COLUMBIA -- When Randy Kibler was 15, the Spring Valley High School student landed a job as a cashier at the pagoda-shaped Hardee's No. 1 restaurant near Jackson Boulevard. A year later, he got a promotion to assistant manager.

Eventually, Kibler rose to be president of a 600-franchise Hardee's chain.

"You stay around long enough, everybody else dies off and there you are," he joked Tuesday.

Today, the 56-year-old Kibler is chief executive of Bojangles' restaurants -- owned by his old boss at Hardee's, Carolina Panther's owner Jerry Richardson and Hugh McColl, former chief executive of Bank of America.

He returned to Columbia last week to celebrate the opening of the 100th Bojangles' in South Carolina franchise and 30 years of operation in the state. As part of the celebration, the new restaurant on Garners Ferry Road offers some specials at 1980 prices.

Kibler's parents, Ranzt and Celia, still live in Northeast Richland County. But the main reason for the visit is to honor teachers and highlight the company's support of education. He joined Columbia Mayor-elect Steve Benjamin and presented a donation to Rolling Readers, a Columbia-based nonprofit that encourages young people to read.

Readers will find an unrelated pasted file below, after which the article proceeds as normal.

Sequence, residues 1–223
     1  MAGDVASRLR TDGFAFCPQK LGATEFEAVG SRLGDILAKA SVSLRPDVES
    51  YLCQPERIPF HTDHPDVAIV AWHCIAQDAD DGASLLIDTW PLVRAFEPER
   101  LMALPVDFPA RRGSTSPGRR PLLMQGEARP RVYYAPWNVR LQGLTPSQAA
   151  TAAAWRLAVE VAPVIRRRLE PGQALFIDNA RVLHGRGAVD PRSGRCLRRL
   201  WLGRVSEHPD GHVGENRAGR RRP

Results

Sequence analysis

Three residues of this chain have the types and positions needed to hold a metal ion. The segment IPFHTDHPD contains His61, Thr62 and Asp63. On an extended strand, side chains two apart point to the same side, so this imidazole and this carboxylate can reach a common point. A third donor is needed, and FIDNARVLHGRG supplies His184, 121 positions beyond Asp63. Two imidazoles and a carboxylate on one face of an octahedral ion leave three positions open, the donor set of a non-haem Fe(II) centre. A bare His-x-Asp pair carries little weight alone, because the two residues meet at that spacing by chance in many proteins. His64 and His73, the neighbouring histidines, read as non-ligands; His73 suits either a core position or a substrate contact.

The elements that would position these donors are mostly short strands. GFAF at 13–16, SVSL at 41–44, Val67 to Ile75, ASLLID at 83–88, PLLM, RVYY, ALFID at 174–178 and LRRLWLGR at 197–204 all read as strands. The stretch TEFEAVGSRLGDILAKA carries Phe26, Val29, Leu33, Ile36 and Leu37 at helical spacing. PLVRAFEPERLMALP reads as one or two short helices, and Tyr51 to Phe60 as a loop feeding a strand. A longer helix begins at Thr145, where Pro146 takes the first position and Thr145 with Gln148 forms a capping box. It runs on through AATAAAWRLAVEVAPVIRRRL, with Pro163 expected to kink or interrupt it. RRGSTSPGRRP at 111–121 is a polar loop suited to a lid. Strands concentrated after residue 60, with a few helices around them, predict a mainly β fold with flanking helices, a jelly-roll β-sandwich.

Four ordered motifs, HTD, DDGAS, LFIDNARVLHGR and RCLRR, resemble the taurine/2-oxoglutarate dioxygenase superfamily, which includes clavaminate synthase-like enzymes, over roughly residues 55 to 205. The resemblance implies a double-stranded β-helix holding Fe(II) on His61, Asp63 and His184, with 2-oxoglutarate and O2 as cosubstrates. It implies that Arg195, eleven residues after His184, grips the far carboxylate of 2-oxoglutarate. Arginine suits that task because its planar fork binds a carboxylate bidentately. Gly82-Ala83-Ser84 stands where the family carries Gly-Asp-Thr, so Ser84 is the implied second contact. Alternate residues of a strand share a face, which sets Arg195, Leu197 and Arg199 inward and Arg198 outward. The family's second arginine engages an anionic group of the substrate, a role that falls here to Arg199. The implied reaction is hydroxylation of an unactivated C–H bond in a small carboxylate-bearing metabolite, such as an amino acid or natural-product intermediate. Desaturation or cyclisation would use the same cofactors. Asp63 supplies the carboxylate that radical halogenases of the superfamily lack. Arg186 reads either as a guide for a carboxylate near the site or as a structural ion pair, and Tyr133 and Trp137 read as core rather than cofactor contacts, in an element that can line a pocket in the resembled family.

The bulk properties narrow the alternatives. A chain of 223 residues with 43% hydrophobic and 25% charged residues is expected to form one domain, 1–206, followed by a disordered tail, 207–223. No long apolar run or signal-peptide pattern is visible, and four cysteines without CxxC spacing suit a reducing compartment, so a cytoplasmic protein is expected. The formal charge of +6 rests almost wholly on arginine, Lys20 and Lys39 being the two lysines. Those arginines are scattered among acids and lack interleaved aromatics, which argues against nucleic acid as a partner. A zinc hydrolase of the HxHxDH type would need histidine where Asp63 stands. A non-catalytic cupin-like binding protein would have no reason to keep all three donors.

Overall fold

"It's our way of saying thank you to teachers," he said.

Kibler left Richardson's restaurant franchise company in 1996 and became a developer of Firehouse Subs. He and Richardson were reunited in 2007 when he came to run Bojangles'. The chain has 303 restaurants in 10 states.

Kibler said his journey from Hardee's cashier in Columbia some 40 years ago, up through the ranks to the CEO's desk at Bojangles', has made him a better executive.

"The most important thing is to really understand the business," he said. "Any job, I've done it. So I know how it fits in with the overall operation. Also, I know how to relate to the people doing those jobs. That's important. You gain equity and trust by having been in their shoes."

In the past year, Bojangles' has opened 21 new restaurants in South Carolina. That represents a $40 million investment.

Although Kibler lives in a south Charlotte suburb, his house is just over the state line. "So I'm still a South Carolinian," he said.